MONASTICISM AND THE CHURCH
Address of Abbot Schema-Archimandrite Sergius of St. Tikhon's Monastery to the 18th OCA All-American Council
During the 6th Plenary Session of the 18th All-American Council of the Orthodox Church in America, Archimandrite Sergius, the abbot of St. Tikhon's Monastery in Waymart, PA addressed the delegates concerning monasticism and its role in the contemporary American Church.
His address is of interest to all the faithful for as he noted both monastics and married laity are "called to live 100% for our Lord 100% of the time," and the monastic life has traditionally been accepted as the inspiration for the laity. As St. John of Climacus wrote: "Angels are a light to monks, and the monastic life is a light to men." The health of the Church in a particular area can be measured by the health of monasticism in that area, and thus the relation of monastic life to the greater Orthodox Church in America is one that concerns all the faithful.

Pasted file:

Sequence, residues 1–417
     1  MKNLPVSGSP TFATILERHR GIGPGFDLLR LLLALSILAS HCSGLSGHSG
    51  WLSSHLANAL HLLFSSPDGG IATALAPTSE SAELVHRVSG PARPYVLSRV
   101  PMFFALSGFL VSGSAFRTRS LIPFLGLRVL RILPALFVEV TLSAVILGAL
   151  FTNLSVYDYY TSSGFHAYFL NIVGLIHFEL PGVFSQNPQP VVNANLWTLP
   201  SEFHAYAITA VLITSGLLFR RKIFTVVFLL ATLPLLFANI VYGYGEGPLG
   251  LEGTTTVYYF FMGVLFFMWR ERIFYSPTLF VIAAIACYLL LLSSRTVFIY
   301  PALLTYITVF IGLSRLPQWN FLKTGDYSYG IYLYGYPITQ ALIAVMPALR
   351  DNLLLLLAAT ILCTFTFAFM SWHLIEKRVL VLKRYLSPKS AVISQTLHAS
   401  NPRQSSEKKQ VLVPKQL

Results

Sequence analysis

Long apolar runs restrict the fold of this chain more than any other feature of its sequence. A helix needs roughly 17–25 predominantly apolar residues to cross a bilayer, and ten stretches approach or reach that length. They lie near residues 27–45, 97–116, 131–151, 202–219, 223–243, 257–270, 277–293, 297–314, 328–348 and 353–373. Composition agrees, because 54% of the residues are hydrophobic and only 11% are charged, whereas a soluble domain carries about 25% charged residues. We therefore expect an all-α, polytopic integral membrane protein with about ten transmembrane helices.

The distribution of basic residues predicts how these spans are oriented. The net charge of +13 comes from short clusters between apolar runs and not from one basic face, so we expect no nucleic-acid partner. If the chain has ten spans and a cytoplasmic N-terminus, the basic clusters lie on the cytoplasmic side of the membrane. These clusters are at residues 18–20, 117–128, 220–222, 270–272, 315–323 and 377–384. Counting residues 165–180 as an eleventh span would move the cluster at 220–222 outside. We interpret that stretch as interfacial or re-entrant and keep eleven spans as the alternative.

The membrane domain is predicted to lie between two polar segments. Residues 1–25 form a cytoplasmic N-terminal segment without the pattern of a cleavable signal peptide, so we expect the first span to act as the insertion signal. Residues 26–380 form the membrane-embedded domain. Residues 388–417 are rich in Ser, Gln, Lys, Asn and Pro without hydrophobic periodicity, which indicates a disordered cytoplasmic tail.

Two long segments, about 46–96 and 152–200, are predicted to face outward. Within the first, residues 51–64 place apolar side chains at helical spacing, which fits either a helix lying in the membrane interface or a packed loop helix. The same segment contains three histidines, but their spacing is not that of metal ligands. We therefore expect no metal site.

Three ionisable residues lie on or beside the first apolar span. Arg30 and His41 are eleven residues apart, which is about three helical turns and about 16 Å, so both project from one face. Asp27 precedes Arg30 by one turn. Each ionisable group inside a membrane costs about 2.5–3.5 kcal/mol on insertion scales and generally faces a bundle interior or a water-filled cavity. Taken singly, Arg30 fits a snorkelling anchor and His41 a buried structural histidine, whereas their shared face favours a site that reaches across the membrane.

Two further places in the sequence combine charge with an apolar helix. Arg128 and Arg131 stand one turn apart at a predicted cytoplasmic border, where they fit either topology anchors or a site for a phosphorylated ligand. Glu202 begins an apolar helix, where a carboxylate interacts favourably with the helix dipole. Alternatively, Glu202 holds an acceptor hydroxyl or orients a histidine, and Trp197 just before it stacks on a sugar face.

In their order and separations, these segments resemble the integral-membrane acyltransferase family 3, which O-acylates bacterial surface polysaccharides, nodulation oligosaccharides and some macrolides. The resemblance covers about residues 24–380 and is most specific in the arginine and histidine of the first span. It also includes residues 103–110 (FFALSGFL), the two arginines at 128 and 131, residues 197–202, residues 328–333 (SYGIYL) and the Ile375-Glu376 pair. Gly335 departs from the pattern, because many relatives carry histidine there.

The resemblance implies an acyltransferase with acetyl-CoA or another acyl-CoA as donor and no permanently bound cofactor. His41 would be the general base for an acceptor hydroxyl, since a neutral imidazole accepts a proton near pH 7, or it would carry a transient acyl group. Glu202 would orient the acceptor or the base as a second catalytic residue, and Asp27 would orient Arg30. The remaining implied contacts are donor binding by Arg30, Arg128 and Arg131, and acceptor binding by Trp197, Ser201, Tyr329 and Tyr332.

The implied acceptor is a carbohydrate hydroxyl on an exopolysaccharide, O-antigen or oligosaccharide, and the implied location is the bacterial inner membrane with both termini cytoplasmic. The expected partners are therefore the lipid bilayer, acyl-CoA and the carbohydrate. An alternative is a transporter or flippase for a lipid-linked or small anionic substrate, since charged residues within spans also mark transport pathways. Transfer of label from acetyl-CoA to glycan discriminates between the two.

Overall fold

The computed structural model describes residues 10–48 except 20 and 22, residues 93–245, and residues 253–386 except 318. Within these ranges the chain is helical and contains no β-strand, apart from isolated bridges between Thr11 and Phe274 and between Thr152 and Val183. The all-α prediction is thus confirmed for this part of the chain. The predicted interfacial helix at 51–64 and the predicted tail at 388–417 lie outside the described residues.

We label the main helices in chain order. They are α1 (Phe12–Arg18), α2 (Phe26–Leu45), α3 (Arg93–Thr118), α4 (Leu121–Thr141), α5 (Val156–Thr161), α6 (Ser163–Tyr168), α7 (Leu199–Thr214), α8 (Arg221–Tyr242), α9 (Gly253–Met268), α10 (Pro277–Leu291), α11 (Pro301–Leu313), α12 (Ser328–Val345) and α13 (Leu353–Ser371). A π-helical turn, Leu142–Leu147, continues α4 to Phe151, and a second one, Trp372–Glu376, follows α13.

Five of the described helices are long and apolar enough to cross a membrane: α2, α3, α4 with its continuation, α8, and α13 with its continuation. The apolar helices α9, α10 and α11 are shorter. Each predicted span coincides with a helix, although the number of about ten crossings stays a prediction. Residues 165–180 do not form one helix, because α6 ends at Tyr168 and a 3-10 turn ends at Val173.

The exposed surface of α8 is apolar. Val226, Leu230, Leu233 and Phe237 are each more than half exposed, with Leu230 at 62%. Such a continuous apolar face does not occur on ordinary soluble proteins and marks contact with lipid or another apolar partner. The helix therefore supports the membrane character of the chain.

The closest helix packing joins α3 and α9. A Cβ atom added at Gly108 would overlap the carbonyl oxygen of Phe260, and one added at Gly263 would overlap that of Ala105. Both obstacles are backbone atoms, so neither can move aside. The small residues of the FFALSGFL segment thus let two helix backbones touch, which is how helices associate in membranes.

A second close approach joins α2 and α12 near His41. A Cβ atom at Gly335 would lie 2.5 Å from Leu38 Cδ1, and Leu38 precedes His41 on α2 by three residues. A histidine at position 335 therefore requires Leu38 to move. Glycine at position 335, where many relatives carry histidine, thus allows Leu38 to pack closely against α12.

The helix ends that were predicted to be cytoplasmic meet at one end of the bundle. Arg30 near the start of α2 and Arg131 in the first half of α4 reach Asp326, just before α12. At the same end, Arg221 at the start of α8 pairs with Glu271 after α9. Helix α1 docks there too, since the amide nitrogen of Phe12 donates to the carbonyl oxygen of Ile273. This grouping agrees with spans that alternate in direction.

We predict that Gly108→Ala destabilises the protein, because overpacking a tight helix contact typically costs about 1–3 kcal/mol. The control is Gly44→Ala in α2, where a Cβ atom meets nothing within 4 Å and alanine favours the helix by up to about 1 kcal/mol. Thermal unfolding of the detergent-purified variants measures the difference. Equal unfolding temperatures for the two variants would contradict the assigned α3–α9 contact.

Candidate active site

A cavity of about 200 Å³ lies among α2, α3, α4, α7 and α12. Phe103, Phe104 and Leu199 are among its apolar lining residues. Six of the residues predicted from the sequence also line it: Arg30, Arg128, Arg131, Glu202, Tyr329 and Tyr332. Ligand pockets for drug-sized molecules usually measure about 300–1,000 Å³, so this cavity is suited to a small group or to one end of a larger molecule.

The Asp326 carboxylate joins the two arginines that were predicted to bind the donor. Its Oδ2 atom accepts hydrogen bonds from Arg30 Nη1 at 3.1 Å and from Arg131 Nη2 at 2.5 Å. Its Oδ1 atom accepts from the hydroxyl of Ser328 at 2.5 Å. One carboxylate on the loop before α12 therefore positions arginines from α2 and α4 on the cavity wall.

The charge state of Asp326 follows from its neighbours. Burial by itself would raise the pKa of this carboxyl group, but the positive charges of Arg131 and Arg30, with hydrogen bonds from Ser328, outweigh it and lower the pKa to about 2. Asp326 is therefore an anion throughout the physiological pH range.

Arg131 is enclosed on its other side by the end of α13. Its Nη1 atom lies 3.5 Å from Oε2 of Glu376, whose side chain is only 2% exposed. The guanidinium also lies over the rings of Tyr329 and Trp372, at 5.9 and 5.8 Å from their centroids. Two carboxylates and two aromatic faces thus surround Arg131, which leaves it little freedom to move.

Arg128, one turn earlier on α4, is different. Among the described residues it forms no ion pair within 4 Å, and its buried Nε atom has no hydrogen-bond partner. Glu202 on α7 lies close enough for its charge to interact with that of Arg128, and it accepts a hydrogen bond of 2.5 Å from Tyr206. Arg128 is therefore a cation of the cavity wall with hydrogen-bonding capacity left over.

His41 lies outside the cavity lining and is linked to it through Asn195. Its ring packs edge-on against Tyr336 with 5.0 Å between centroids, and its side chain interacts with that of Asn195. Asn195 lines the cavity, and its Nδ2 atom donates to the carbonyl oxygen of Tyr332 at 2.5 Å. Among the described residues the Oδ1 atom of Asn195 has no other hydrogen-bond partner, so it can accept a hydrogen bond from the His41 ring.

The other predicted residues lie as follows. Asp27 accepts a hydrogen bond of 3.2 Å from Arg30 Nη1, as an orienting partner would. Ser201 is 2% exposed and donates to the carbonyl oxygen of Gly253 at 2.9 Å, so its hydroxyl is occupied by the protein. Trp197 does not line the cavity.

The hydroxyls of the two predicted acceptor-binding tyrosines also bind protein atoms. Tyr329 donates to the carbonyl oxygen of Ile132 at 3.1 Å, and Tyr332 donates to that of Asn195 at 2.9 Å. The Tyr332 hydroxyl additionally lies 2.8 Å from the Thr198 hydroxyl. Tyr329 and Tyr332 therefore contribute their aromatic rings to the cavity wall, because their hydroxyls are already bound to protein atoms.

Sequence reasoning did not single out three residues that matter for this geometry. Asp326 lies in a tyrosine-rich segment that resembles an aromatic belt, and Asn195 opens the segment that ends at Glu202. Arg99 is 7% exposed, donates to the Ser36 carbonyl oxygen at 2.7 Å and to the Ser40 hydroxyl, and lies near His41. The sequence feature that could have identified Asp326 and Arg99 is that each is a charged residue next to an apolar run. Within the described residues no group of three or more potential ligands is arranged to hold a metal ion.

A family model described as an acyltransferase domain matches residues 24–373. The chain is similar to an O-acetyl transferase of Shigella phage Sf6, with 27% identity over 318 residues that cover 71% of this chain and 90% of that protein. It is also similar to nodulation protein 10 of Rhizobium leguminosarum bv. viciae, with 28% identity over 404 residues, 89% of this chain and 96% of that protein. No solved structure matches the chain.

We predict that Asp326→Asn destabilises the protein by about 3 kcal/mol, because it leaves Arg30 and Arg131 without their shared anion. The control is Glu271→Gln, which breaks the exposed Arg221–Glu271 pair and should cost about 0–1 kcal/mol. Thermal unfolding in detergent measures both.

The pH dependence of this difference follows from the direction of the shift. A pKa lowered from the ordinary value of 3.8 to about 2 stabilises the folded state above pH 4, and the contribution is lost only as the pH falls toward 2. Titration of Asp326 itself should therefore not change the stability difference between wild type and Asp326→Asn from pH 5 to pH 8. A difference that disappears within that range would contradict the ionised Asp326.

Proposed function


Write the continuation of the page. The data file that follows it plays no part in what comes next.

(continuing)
In his practical talk Fr. Sergius gives three points for encouraging the growth of Orthodox monasticism in America which, like the Orthodox Church in general, is small in comparison to other 'churches.' The first and most important point is to "Never disdain or discourage any vocation" to monasticism, the priesthood or any clerical office. To do so will hinder the call of God in that person's life. Archimandrite Sergius secondly encourages pilgrimages to monasteries to benefit from the spiritual atmosphere there and, finally, to be inspired by the example of prayer that monasteries set for the Church.